More than 120,000 people and more than 170 organizations called on the U.S. Forest Service to strengthen its proposal to conserve old growth trees and forests on federal land. During a public comment period that closed on Friday, people asked for stronger provisions that eliminate commercial logging of old-growth trees and tighten other exceptions to ensure these trees stay in the forest.
When you’re out enjoying the spectacular national forests in Oregon, you’re probably not thinking about laws passed decades ago to require forest plans for these areas. But these plans, and the subsequent standards, guidelines, designations, and policies they create, make a huge difference in what you’ll experience at your favorite trail, river, or picnic spot. They certainly affect the lives of the wildlife that call these places home, the fish that swim in the streams, and the plants that thrive in the forest soil.
Waldo Lake and the forests and trails all around it is one of my “happy places.” Every summer, I love to paddle and swim in the clear, deep blue water and pick huckleberries for camp breakfast. I’ve hiked through the young forest on the north side of the lake, recovering slowly from the Charlton Fire that severely burned the high-elevation area. And I included the Black Creek trail, leading from the west side of the Waldo Lake Wilderness through diverse forests to the edge of the lake, in my ancient forest hiking guide.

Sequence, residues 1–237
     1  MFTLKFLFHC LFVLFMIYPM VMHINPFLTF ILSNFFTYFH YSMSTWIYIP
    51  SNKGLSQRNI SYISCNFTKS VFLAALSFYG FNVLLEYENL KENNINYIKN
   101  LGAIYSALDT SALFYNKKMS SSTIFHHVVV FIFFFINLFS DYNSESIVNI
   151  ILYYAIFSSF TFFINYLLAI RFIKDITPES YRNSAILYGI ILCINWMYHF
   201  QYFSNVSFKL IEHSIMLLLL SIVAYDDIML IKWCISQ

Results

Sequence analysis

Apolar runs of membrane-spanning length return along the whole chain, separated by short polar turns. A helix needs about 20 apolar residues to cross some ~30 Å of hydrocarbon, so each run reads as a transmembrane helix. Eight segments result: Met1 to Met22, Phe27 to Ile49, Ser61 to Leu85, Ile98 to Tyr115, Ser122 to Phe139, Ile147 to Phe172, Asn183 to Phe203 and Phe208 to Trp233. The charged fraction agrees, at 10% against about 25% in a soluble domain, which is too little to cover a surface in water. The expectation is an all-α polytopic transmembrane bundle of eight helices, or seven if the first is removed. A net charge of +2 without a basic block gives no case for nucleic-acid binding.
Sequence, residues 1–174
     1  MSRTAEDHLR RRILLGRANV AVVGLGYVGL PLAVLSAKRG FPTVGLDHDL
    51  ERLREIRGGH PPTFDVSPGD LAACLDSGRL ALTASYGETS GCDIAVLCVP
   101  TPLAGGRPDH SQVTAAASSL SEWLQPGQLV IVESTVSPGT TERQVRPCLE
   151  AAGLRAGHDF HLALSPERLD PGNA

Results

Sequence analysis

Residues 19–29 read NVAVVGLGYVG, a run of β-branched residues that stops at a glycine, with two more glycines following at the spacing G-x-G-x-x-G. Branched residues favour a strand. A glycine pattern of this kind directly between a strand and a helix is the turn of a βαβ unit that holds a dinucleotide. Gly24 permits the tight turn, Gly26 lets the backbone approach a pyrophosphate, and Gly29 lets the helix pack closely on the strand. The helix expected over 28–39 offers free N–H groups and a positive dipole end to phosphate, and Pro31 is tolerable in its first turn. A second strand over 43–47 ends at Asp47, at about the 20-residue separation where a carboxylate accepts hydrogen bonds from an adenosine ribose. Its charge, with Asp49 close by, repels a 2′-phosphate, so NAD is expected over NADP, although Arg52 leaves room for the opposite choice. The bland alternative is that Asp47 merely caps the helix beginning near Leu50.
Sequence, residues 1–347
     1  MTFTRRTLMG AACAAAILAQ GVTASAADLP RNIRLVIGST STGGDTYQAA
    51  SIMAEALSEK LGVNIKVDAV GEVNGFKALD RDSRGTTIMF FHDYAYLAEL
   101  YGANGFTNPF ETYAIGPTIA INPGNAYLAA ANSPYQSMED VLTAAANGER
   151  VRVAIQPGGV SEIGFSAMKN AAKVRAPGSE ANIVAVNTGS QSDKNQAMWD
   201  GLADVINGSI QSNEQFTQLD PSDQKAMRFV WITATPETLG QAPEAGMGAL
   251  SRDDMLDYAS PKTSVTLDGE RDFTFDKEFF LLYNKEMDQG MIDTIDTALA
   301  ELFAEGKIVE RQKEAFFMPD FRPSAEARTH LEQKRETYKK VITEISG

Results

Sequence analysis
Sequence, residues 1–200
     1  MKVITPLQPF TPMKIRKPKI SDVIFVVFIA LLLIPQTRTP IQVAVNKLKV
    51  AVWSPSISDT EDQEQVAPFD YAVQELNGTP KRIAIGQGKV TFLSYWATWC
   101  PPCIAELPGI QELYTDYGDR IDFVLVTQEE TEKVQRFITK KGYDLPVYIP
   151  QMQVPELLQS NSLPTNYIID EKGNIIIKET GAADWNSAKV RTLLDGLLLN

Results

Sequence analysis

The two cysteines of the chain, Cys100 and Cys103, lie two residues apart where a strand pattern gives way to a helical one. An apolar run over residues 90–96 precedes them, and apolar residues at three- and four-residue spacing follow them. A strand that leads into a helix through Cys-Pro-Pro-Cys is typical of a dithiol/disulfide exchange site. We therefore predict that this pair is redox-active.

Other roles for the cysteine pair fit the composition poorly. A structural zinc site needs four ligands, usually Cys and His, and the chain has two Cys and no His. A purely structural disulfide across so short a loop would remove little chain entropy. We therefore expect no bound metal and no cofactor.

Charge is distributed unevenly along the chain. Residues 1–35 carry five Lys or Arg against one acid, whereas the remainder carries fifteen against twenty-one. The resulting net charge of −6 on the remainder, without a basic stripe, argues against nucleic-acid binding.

A new report published in Nature underscores the need to preserve existing forests rather than just planting new trees to fight climate change. The report, from 200 scientists worldwide, stated that allowing forests to reach maturity and become old-growth has tremendous carbon storage and biodiversity conservation potential — a win-win natural climate solution.
Rain fell steadily on our drive into the mix of public and private lands southwest of Roseburg last month, the clouds and mist casting an eerie feel over the stark clearcuts we drove through on the way to a proposed logging unit in the 42 Divide Project area. In November 2021, the Roseburg District of the Bureau of Land Management (BLM) sent an initial proposal for the 42 Divide Project out to the public for comments, calling for logging over 5,000 acres of forests up to 200 years old.
A year ago, Oregon Wild advocates joined activists from across the country and urged the Forest Service to restore protections and end old-growth logging on forests across the Tongass National Forest in Alaska.
This week, those efforts finally paid off! From the New York Times: